Expert tips on staying hydrated this summer.
The first day of summer has come and gone. Hot weather is upon us. Likely, much of your athletic activity has moved outdoors. There, you can take advantage of the fresh air and sunshine. However, there is one matter of concern in the summer heat – staying hydrated.
Why is hydration important? Up to 60 percent of the human body consists of water. When you lose just 2 percent of your total water weight, symptoms of dehydration can develop. Dehydration is known to cause headaches, fatigue, difficulty concentrating, and changes in mood. Dark or infrequent urination can also indicate dehydration.
Extreme dehydration – loss of 10 to 15 percent water volume – can cause debilitating or even deadly symptoms, including fever, confusion, seizes, and coma. Hospitalization may be required. These symptoms can be avoided, however, if you practice good hydration habits.
How Much Water Should I Drink?
Researchers are still unsure what the “optimum” amount of hydration is. For example, in 2004, the U.S. Institute of Medicine reported that adults should consume 11 to 16 cups of fluids daily. Yet, in 2010, researchers in Europe gave a more conservative estimate of 8 to 11 cups daily.
How much water and other fluids should you drink? Much depends on your activity levels, and environments. Athletes, for example, may lose as much as 6 liters (about 24 cups) of water per day through sweat. Hot weather also increases water losses 4 Tips for Staying Hydrated
1) Drink before you’re thirsty. Some researchers have stated that before you feel a pang of thirst, you may already be dehydrated. This is especially true in older individuals, as the body’s thirst mechanisms can become impaired with age. Make it a habit to drink a glass of water first thing in the morning after waking. You can also keep a bottle of water handy throughout the day; you may sip on it without even thinking about it! Making a goal of emptying a 1 liter water bottle each day can serve as a visual reminder to drink more fluids.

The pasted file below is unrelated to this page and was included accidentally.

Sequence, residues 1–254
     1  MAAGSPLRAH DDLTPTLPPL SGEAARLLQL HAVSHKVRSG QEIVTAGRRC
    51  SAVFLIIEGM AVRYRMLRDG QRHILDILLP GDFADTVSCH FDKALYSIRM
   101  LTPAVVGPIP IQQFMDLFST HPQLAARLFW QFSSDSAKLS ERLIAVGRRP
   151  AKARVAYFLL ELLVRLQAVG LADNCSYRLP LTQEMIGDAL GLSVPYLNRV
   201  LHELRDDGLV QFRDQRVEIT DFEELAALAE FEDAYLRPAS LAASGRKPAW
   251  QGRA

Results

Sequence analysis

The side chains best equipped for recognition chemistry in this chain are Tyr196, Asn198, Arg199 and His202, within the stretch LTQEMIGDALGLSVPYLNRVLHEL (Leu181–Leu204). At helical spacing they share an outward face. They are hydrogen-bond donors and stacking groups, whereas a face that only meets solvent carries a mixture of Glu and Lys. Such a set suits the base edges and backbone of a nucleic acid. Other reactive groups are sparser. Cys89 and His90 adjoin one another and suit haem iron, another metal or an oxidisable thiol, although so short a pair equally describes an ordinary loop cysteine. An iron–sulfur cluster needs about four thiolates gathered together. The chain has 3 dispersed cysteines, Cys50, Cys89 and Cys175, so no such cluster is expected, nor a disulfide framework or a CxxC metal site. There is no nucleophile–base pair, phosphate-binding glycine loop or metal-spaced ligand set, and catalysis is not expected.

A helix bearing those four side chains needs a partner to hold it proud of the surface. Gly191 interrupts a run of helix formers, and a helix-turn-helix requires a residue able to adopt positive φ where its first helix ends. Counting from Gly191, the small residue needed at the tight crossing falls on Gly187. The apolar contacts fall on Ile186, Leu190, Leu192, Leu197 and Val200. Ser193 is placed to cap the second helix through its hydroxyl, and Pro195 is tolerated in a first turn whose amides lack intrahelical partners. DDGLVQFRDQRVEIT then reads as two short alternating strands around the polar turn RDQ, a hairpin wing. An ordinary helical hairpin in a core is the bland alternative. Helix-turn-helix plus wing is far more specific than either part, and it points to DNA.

- Eat moisture-rich foods. On average, we get about 20 percent of our daily fluids from the foods we eat. This is especially true when we consume juicy fruits such as watermelon, or fresh squeezed fruit and vegetable juices. As an added bonus, our bodies find it easier to assimilate nutrients that are already dissolved in the juices of such foods.
- Hydrate ahead of time. If you know that you will be performing heavy exercise, or that you’ll be without fluids for some time, hydrate in advance. Make it a point take in extra fluids before you exercise. WebMD recommends drinking two cups of water two hours before outdoor or heavy activity, and four to six ounces of fluid every 15 to 20 minutes during the activity. If you’d really like to ensure hydration, you can weigh yourself before and after you exercise. For every pound of water weight you lose during your workout, consume 20 ounces of fluid.
- Use sports drinks in moderation. When you exercise or are out in the heat, your body produces sweat to cool you and maintain a healthy temperature. With that sweat, your body loses a number of nutrients, most notably the electrolytes sodium, potassium, and magnesium. Sports drinks, sodas, and juices can help replenish these vital nutrients, as well as boost your energy with carbohydrates.
However, if you are interested in losing weight or are diabetic, remember that these drinks are also high in sugar. Use them sparingly; after one serving of sports drink, fresh squeezed fruit juice, or water will likely be a better option.
Hydration and Alcohol
You’ve worked hard at the office and at the gym; now you’d like to relax with a nice drink. Not all beverages increase hydration – alcohol can actually dehydrate your body. How?
Alcohol consumption reduces levels of an anti-diuretic hormone that allows the body to reabsorb water. You can combat this dehydration by drinking a glass of water before and after each alcoholic beverage.
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